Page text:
A research-based nutrition education package on healthy ageing and reducing risk of metabolic syndrome was developed and well accepted among subjects in this study. To address the increasing prevalence of obesity and chronic diseases among Malaysian populations
], the package consisted of a flipchart, placemats and a booklet. The flipchart has been developed as a teaching tool for health professionals involved in the care of older adults, particularly those living in rural areas, with the aim of reducing the risk of chronic diseases. The design of the flipchart, equipped with nutrition educator notes, was useful for staff at health clinics where there were no nutritionists or dietitians. The flipchart was also equipped with illustrations that facilitated the understanding of specific concepts such as obesity, diabetes mellitus and hyperlipidaemia. In rural areas of Malaysia where the illiteracy rate is high, counselling sessions with health professionals are the most appropriate strategy for imparting nutrition education to older adults with health and nutritional problems
]. Individuals with low literacy often have unsatisfactory health status compared with those with higher educational level. Use of photos and illustrations can increase the understanding of health messages. In this study, most subjects understood the nutrition guidelines or messages primarily because of the illustrations provided. Print materials including a booklet and placemats developed in this study can be valuable tools for patient education, but they are only supplements and can never be a substitute for verbal communication. When used effectively, print materials can enable patients to manage their health better and help healthcare professionals maximize limited teaching time. According to the Nova Scotia Cancer Patient Education Committee
], print materials can convey basic repetitive information, freeing the health professional to concentrate on individualized follow-up instruction. They can also facilitate consistency in teaching.
Results of the study revealed that older adult subjects had difficulty understanding the food pyramid concept compared with the food plate, as reported in the needs assessment phase
]. In contrast, health professionals preferred the food pyramid rather than the food plate, probably because they had been trained with the pyramid. Most of the older adult subjects were exposed to food pyramids during their visits to the health clinics. The food plate concept is being used to translate nutrient recommendations to food choices in the National Food Guide in other countries
]. Consumers prefer the food plate with respect to its visual and contextual impact compared with the food pyramid, which is deemed to be less effective in conveying messages on portion size and a balanced diet
The food plate concept introduced in this study provided detailed recommendations on portion size and number of servings from the major food groups, namely cereals and grains; meat and dairy products; and fruits and vegetables, with the intake of simple sugars, fats and oils minimised. In addition, a recommendation of six to eight glasses of water a day was included because of the importance of water and higher risk of dehydration among older adults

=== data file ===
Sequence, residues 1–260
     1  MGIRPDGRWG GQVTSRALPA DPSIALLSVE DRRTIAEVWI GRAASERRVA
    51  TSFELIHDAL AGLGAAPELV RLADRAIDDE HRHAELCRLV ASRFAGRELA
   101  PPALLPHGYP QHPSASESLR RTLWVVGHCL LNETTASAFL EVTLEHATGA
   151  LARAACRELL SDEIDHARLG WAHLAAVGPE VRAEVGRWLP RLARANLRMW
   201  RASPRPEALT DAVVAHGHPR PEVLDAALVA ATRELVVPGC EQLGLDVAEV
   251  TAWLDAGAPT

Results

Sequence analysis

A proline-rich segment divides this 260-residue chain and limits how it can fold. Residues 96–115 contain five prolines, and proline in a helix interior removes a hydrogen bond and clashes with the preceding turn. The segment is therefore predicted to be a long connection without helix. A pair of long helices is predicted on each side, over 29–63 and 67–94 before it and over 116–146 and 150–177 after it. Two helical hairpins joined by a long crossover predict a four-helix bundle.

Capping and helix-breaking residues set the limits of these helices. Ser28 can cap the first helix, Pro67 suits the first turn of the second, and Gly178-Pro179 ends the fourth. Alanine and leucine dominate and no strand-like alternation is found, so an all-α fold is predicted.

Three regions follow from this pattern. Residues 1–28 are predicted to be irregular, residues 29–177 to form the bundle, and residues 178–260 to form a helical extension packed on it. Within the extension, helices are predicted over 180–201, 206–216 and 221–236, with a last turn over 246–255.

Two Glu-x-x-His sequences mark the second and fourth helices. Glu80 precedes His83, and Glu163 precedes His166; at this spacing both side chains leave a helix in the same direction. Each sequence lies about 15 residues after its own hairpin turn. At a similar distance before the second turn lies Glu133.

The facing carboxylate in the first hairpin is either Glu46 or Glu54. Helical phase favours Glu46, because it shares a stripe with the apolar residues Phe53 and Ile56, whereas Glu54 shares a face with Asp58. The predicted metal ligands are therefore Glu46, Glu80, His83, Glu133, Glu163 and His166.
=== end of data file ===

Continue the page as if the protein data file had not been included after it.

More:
]. This is in agreement with fluid recommendations in Malaysian Dietary Guidelines
]. However, until recently this recommendation was not incorporated into the Malaysian food pyramid
The Dietary Guidelines for Older People in this study were delivered as food-based recommendations as opposed to the Nutrition Guide for Elderly People developed by the Ministry of Health of Malaysia, which uses a nutrient-based approach
]. Food-based guidelines are more effective in conveying nutrition and health messages to the population as well as promoting traditional and healthy food
The Malaysian Dietary Guidelines
] were developed for the Malaysian population aged 2-60 years old. This study successfully developed dietary guidelines specific to Malaysian older adults aged 60 years and over termed ‘10 Healthy Eating Guidelines for Elderly People’. The aim of these guidelines is to provide recommendations enabling older adults to engage in a healthy lifestyle leading to a good quality of life.
The acceptance analysis of the nutrition education package showed that the majority of older adults did not understand terms such as 'diabetes mellitus', 'hypertension' or 'fibre'. In addition, they suggested the use of simple and short sentences. Researchers modified the package according to the suggestions and tested for face and content validity. However, some medical and scientific terms were retained with the intention of educating the population, with explicit explanations provided in simple language. The suggestion by health staff to incorporate more photos and illustrations in the flipchart and booklet are in agreement with the finding by Goldberg and Owen
] that photos and illustrations should facilitate understanding of health messages without the need for text. Use of colour in developing an education package is essential in attracting interest of the target group
]. Furthermore, the font size used in this study was considered acceptable by subjects. Small font sizes are unsuitable for older adults because of the high prevalence of eyesight problems due to ageing
The intervention package can be used by health professionals and non-governmental organisations (NGOs) as a guideline and tool in the care of older adults. It is being translated into other languages such as English and Mandarin to increase its outreach among other ethnic groups in Malaysia.